The National Museum of the Philippines celebrates the built-heritage of Iloilo in the exhibit “Iglesia: Heritage Churches of Iloilo” by Cristhom Selibio Setubal, a visual artist from the historic San Joaquin town. The exhibit is set to open on February 28, 2PM, at Western Visayas Regional Museum (former Prison of Iloilo) located at Iloilo Provincial Capitol Complex, Iloilo City.
The mixed media artworks recreated some of the remaining Spanish churches in Iloilo, including that of his hometown San Joaquin and the stone churches of Miagao, Guimbal, Tigbauan, Molo, Jaro, Pavia, Santa Barbara, Cabatuan, Dingle, and Dumangas. Also included are the old Oton Church and Jaro Belfry.
Setubal creatively utilized scraps to depict the notable features of each structure like the bricks, limestone, and corals; the intricate ornamentation of facades like that of San Joaquin and Miagao; the imposing domes, cupolas, bell towers; and the sturdy columns, arched entrances, naves, painted ceilings.
A seafarer and a teacher, Setubal’s love for Iloilo culture and heritage started from his high school years. He started sketching the built-heritage of Iloilo in 2016, and explored other media to depict the same subjects while he was in seclusion during the pandemic. He used waste objects like aluminum sheets, espresso pods, computer parts, beads, chicken wires, and copper wires for the details, with repurposed driftwood as base. Aside from promoting environmental activism and sustainable art, Setubal hopes to inspire the youth to appreciate the rich heritage of Iloilo as seen in these beautiful churches.
About the Exhibit
Advocacy and artistry combine in this unique collection of mixed media artwork depicting Iloilo’s built heritage.
Iglesia features the work of Ilonggo artist Cristhom Selibio Setubal who uses found and disposed objects to recreate the likeness of Iloilo heritage churches. Through waste materials like aluminum sheets, espresso pods, computer parts, beads, chicken wire, and copper wire, he creatively highlights details of these well-loved structures.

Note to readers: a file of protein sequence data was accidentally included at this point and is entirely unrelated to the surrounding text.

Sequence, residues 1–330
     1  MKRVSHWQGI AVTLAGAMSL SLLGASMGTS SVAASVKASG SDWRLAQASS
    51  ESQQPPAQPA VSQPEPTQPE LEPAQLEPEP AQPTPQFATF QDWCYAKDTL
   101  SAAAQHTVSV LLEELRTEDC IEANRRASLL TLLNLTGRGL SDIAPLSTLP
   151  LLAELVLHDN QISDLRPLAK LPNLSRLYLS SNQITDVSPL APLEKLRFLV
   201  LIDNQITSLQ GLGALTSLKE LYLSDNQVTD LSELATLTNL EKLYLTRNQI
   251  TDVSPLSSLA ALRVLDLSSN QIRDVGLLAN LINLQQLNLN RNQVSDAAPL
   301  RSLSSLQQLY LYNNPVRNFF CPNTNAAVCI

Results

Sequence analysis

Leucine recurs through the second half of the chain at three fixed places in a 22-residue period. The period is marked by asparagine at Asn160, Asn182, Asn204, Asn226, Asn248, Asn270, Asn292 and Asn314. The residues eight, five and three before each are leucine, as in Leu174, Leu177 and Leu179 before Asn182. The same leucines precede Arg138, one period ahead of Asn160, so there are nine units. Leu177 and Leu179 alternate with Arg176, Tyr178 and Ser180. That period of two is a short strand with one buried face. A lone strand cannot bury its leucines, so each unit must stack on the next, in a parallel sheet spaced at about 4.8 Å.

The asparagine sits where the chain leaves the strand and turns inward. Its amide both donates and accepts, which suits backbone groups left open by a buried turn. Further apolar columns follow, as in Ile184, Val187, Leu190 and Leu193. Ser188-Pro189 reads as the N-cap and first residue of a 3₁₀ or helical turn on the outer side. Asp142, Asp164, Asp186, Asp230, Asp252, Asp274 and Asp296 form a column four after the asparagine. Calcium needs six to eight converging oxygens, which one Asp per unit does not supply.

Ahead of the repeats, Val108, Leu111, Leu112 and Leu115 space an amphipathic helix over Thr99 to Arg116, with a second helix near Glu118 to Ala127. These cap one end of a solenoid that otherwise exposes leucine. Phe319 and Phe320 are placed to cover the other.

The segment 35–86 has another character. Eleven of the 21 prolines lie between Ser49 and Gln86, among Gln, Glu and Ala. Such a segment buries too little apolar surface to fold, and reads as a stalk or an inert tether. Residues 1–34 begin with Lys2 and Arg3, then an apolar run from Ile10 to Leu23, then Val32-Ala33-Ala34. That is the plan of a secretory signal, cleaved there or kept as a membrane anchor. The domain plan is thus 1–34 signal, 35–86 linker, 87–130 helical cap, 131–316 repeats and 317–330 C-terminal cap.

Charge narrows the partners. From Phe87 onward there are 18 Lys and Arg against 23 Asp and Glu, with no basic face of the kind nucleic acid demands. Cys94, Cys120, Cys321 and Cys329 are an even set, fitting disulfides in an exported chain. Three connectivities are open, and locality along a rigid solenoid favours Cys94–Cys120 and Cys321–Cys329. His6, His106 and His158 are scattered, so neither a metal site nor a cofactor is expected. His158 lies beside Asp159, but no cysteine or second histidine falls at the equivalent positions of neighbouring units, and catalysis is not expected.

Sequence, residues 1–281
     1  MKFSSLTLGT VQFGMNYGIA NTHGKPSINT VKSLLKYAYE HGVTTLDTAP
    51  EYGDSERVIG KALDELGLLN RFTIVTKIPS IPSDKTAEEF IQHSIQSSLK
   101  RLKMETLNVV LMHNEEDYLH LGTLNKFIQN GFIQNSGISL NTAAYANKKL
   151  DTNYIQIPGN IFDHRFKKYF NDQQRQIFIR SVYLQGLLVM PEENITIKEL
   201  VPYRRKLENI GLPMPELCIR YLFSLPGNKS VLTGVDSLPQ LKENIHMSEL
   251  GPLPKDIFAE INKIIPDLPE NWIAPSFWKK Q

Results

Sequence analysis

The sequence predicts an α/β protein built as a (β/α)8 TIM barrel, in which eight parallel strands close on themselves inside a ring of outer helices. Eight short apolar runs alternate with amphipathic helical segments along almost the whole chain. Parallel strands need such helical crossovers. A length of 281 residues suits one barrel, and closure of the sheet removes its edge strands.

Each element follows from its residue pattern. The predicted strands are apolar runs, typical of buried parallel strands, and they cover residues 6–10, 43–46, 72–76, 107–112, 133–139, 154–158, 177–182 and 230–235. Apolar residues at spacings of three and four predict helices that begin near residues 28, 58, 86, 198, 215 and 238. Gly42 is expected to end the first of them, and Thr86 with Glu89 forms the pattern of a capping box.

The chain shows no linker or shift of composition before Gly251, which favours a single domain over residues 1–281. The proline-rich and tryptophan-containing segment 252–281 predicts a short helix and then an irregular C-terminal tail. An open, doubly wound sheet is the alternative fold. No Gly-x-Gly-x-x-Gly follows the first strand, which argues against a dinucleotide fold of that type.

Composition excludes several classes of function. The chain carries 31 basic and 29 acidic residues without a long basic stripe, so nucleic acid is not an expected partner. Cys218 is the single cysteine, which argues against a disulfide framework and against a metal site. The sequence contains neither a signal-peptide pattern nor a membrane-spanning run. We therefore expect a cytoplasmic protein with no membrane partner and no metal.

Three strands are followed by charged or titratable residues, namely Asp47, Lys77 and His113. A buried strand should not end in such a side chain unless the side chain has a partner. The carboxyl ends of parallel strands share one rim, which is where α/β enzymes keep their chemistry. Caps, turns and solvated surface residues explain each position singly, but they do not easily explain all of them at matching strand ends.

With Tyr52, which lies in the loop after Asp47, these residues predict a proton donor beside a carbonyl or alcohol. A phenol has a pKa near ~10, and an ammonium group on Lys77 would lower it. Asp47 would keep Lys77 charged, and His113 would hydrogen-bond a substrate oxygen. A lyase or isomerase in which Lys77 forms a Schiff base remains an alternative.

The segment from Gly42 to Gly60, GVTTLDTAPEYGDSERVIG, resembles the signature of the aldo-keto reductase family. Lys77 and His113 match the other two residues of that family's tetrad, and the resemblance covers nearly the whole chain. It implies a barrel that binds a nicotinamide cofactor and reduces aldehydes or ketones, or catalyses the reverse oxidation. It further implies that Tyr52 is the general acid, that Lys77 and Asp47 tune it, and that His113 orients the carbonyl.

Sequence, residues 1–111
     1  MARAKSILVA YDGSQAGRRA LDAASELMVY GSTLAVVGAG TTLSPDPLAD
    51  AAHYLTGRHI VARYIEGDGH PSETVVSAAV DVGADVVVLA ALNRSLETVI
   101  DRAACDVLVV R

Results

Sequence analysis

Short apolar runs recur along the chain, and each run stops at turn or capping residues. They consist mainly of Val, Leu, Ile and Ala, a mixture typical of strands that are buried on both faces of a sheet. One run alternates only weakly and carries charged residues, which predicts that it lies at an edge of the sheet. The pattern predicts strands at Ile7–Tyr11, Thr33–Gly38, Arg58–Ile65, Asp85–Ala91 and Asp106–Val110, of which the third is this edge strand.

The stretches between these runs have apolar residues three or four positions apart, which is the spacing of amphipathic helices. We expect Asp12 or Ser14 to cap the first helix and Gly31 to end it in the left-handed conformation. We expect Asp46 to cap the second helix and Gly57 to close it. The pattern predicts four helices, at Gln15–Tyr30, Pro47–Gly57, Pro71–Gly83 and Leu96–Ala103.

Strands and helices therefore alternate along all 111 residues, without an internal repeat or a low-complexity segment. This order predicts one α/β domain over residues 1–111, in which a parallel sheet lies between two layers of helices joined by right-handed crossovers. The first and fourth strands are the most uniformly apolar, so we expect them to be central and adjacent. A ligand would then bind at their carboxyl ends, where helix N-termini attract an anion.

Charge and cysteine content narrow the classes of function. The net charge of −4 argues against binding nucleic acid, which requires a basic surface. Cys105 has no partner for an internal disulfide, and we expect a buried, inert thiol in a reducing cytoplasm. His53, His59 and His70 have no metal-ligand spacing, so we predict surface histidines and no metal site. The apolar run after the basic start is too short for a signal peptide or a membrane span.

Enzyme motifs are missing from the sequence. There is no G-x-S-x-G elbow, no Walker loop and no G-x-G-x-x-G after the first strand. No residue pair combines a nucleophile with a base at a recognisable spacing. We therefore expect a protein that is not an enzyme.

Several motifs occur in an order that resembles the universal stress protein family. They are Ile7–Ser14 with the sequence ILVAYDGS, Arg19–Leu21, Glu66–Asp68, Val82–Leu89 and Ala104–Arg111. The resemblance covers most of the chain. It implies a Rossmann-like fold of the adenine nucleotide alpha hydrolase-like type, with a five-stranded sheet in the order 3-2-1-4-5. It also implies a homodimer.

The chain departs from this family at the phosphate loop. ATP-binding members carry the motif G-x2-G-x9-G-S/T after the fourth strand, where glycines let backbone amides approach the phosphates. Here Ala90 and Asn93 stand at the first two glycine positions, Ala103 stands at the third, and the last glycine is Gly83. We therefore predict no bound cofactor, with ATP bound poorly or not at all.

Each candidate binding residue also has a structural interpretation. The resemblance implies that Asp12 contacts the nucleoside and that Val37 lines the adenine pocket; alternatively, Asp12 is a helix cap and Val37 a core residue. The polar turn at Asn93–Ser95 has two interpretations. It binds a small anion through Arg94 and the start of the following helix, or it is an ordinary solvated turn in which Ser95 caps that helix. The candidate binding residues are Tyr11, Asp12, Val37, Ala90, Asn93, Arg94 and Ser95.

Setubal’s process of transforming waste into art is called upcycling, in which newly-created objects become more economically and socially valuable than their original form.
The influence of Spanish colonial architecture remains evident in churches and cemeteries that demonstrate traditional construction methods, with intricate details on the façade, walls, floor, ceilings, and windows of churches reflecting Filipino artistry during the Spanish colonial period.
About the Artist
Cristhom “Dodoy” Selibio Setubal is a retired seafarer, a teacher, an artist, and a family man. In 2016, he started sketching Iloilo’s built heritage in pen-and-ink, which the Museum of Philippine Economic History exhibited in 2019.
He experimented with scrap materials to recreate Iloilo’s most iconic Spanish structures, enabling him to advocate for heritage appreciation and sustainable art.
The San Joaquin Camposanto, the first of his 14 works in this mixed media series, is a tribute to his late father, with whom he shared a passion and love for antiques.
Setubal’s art journey is a product of his love for antiques, then later expanded to arts, photography, history, and art sustainability. Now a part-time maritime school teacher, he is an artist-advocate for history, culture, and heritage. He influenced his daughter to paint and showed his community how to turn scraps and waste materials into art.
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